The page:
Life and Style
Getting back in shape after pregnancy does not require costly gyms or fad diets

Miss Widdecombe, 'third-age fatty', takes to the floor

Former minister waltzes her way into the audience's affections on her 'Strictly' debut

Uncool Britannia: how the morning glory faded away

Thirteen years is a long time in politics, and the days of 1997 seem an aeon ago, a planet away. Do we remember a time when the UK seemed youthful and spring-heeled, when young English bands (Blur, Oasis, Pulp, The Verve, the Spice Girls) crammed the charts, Young British Artists astonished the global art world, England (all right, the UK) won the Eurovision Song Contest (a year after very nearly winning Euro 96) and the ridiculous Austin Powers made everyone sort-of-proud to be British?

Ready To Wear: Redheads are having a moment

Redheads are having a moment. Not on the catwalk or indeed in the newly unveiled autumn/winter 2009 advertising campaigns – redheads are far too rare and risky a business in the current climate when the order of the day is to keep things as safe as the proverbial houses. I'm thinking instead of the single redeeming feature in the appropriately desperate 'Desperate Romantics' – the burnished locks of muse Lizzie Siddal played by Amy Manson who verily has the most gorgeous hair known to television. Then of course, there's the star of the forthcoming American 'Vogue' documentary, 'The September Issue', Grace Coddington, to consider, whose mane of red hair establishes her as the agent provocateur of the piece where for the most part, once again, appealing to the many rather than the few is the driving force.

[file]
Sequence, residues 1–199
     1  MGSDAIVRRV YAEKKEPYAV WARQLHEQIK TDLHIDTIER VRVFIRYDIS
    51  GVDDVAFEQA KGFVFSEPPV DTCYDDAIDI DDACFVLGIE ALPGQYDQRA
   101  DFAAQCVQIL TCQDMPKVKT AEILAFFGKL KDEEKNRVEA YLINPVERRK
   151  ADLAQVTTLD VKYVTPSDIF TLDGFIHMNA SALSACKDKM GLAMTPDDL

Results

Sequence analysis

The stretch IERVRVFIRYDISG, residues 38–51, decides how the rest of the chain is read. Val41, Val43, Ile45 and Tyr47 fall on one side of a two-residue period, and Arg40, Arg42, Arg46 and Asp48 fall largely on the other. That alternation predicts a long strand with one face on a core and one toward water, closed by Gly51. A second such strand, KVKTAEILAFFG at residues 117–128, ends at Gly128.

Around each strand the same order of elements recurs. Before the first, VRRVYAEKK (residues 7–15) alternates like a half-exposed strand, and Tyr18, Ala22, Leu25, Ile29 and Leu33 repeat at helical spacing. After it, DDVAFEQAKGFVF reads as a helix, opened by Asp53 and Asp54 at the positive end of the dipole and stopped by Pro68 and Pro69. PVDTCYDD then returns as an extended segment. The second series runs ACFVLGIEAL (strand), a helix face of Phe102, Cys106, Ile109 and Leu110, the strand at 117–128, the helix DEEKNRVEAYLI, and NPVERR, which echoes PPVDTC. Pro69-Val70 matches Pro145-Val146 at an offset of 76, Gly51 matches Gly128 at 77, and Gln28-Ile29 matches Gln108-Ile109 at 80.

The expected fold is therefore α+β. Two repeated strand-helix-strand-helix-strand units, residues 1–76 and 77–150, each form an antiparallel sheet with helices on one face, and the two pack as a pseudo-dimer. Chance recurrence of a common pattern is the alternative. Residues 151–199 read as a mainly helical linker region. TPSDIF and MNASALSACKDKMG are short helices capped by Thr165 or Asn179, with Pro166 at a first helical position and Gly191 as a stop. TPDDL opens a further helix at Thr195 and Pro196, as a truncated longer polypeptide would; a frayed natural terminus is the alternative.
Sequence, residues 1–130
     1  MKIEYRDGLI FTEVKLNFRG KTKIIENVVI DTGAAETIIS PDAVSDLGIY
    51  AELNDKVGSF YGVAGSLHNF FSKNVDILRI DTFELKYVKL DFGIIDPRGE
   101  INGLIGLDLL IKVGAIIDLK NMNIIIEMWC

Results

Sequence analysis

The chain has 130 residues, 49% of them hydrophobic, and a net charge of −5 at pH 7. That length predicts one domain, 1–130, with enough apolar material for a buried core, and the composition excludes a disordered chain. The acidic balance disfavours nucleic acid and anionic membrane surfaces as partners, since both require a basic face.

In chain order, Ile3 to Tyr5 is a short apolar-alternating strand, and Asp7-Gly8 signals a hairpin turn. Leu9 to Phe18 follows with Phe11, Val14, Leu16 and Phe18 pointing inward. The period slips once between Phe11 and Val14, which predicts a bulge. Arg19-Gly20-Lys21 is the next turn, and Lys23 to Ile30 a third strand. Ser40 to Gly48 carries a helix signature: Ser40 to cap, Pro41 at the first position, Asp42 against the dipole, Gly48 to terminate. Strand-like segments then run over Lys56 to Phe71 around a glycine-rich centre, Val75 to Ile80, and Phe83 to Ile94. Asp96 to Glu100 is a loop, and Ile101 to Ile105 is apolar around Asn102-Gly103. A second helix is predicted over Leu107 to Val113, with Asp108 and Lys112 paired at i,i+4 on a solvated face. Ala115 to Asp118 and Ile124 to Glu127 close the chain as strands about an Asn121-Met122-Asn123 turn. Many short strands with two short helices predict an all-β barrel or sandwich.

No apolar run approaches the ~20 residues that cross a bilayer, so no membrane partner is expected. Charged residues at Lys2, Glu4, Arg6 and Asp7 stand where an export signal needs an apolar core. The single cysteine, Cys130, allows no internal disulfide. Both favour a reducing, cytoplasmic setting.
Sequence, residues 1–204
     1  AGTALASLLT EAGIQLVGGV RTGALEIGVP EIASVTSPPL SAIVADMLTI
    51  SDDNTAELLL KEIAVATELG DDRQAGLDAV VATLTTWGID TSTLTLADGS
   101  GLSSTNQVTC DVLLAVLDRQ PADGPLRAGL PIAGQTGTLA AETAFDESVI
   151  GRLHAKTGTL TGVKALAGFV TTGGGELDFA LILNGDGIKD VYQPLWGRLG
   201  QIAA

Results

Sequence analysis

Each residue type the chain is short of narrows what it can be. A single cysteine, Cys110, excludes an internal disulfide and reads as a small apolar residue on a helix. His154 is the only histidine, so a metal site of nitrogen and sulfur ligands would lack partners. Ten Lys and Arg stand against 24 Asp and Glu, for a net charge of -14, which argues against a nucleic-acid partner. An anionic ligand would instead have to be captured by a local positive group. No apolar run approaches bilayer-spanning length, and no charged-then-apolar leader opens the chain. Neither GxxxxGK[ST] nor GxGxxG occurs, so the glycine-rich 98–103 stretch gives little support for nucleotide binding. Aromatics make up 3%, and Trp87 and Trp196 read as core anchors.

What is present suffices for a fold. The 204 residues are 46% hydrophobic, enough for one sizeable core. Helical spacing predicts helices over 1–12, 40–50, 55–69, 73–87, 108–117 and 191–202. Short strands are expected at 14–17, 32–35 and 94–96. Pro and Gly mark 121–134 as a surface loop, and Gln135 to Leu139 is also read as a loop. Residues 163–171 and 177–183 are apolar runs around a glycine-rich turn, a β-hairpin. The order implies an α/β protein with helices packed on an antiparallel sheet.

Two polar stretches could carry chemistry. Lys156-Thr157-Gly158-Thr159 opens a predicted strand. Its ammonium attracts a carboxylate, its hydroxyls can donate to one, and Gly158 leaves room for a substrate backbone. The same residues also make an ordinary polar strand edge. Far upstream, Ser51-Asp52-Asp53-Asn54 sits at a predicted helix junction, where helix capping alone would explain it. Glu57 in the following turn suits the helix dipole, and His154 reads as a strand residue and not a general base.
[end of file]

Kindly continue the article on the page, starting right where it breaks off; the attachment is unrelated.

A celebration of the daily grind: Bar Italia marks its 60th anniversary

Ian Burrell discovers how the iconic Soho café has stayed true to its heritage as it transformed from a social centre for immigrants into a celebrity favourite – and why it'll never reveal its secret coffee blend

Susie Rushton: The naked truth at lunchtime

Urban Notebook

Last Night's TV: Flying: Confessions Of A Free Woman, BBC4<br />Who Do You Think You Are? BBC1

Until she was about 42, Jennifer Fox had believed that she was living exactly the life that she'd wanted. Based in New York, surrounded by a network of close friends, she had felt happy working as a documentary film-maker and lecturer on film-making, travelling and working all over the world. Then her great friend Pat had been diagnosed with a brain tumour, and suddenly Fox twigged that life was short and bodies grew fragile. "It seemed we had been living our lives," she intoned in her fey, solemn, toneless drawl, "as if we'd be young for ever."

The beatbox goes on